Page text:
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  1. Community Child Protection Mechanisms in Protracted Refugee Settings in Rwanda:Findings and RecommendationsMark CanaveraCPC Learning Network1 October 2013

  2. Research partners • HealthNet TPO • TPO Uganda • UNHCR • InterAid Uganda • AVSI Rwanda • CPC Learning Network Secretariat • Funding from the US State Department Bureau of Population, Refugee, and Migration and the USAID Displaced Children’s and Orphans Fund

  3. Research questions • Primary research question: which community-based child protection mechanisms exist in protracted refugee settings in Uganda and Rwanda? • Explore what community-based child protection mechanisms (CBCPMs) exist in selected refugee settings and to learn how such mechanisms link, or act in parallel, with other more "formal" components of the national child protection and education interventions. • How can UNHCR and its partner organizations (esp. international and local NGOs) engage with these mechanisms for more effective and sustainable results for children?

  4. What do we mean by CBCPMs? • Groups or networks that respond to and prevent issues of children protection at the grassroots level. • They range from family and peer group supports to women‘s groups, religious groups, and youth groups. • They also include traditional community-based processes and formal mechanisms initiated by government and national and international nongovernmental organizations (NGOs). • Examples of CBCPMs are Child Welfare/Protection Committees, religious groups that support orphans and other vulnerable children, family responses to problems such as teenage pregnancy, and traditional processes where a chief and/or elders use by-laws to respond to violations against children.

  5. Methodology • Qualitative and ethnographic in nature – “rapid ethnography” • Six to seven researchers in each site for approximately four weeks • Aim of ethnography: to describe scientifically a specific society or culture. • to understand the world and the beliefs and practices of participants through participants’ own eyes (the "emic" approach), without the imposition of outsider categories such as "child protection.”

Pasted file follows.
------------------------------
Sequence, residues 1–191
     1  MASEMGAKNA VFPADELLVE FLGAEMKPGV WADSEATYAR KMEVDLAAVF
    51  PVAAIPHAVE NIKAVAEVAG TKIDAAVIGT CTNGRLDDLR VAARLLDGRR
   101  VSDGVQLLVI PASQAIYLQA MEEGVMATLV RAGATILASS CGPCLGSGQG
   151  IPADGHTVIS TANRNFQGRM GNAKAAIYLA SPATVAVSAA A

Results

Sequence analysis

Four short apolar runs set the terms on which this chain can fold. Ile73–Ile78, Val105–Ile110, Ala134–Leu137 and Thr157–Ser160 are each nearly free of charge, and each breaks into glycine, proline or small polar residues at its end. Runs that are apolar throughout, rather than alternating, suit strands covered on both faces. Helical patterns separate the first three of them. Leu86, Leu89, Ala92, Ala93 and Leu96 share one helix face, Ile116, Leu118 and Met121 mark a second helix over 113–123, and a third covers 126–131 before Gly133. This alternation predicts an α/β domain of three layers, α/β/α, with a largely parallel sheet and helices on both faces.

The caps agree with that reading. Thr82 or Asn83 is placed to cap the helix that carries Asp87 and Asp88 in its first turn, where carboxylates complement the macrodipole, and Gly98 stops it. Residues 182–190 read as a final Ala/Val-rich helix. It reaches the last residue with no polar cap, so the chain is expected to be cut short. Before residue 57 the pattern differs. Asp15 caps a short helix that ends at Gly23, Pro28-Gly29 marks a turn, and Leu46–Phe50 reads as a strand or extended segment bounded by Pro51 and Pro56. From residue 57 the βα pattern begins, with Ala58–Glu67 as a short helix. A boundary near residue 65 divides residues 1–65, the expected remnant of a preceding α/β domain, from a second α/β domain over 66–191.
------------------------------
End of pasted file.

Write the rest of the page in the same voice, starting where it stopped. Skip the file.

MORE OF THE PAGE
6. Research sites – protracted refugee settings • Two sites each in Rwanda and Uganda • Uganda: urban sites • two Congolese refugee communities: NsambyaKirombe and MakindyeLuvuma • one Somali community was included: Kasaato, in Kisenyi • Rwanda: two of the four refugee camps in Rwanda – Gihembe and KizibaCamps (around ~15k people per camp) • Two quartiers per camp

  7. Rwanda findings: protracted nature of refugee setting leads to family and community breakdown • The protracted refugee camp situation has led to the breakdown of normal family and community structures. • Adult respondents and community members reported that they felt distressed by their inability to provide for their children and to protect them from harms. • Adolescents also felt distressed by the perceived ‘weakness’ of their parents and saw very few alternatives available to them outside of school.

  8. Voices from the field • “We try to advise them, tell them that we understand that life here is hard. Someday God will help us, and we shall have a better life. Children do not listen to us as they think it cannot get better than this; they have lost all hope for better future, and in the end they get involved in bad behavior.” –Adult woman • “I am not that old; I fled DRC when I was five years old. If I said I knew what life was like then, I would be lying; I wouldn’t know. I don’t know how they used to take care of children. All I know about culture is what I have witnessed here; I don’t know anything else.” –Young woman

  9. Rwanda findings: out-of-school adolescents • The lack of support for education after secondary three (S3) greatly increases the vulnerability of adolescents to harms. • For girls the primary risks were early pregnancy and prostitution (sexual exploitation). • Boys were vulnerable to falling into delinquent behaviours, including drug and alcohol abuse, stealing and fighting.

  10. Rwanda findings: lack of programming for adolescents • Despite the vulnerability of adolescents and young people to serious harms, there is a lack of programming targeting this group. • Community members overwhelmingly reported that the main harms against children concerning them related to teenagers and young people. The top harms identified through in-depth interviews, key informant interviews and group discussions, and by adults and young people, men and women, included early pregnancy, prostitution, delinquency and being out of school after S3. • Although community members were concerned for the wellbeing and safety of their teenagers and young people, this was not necessarily reflected in the services and programs targeting this group.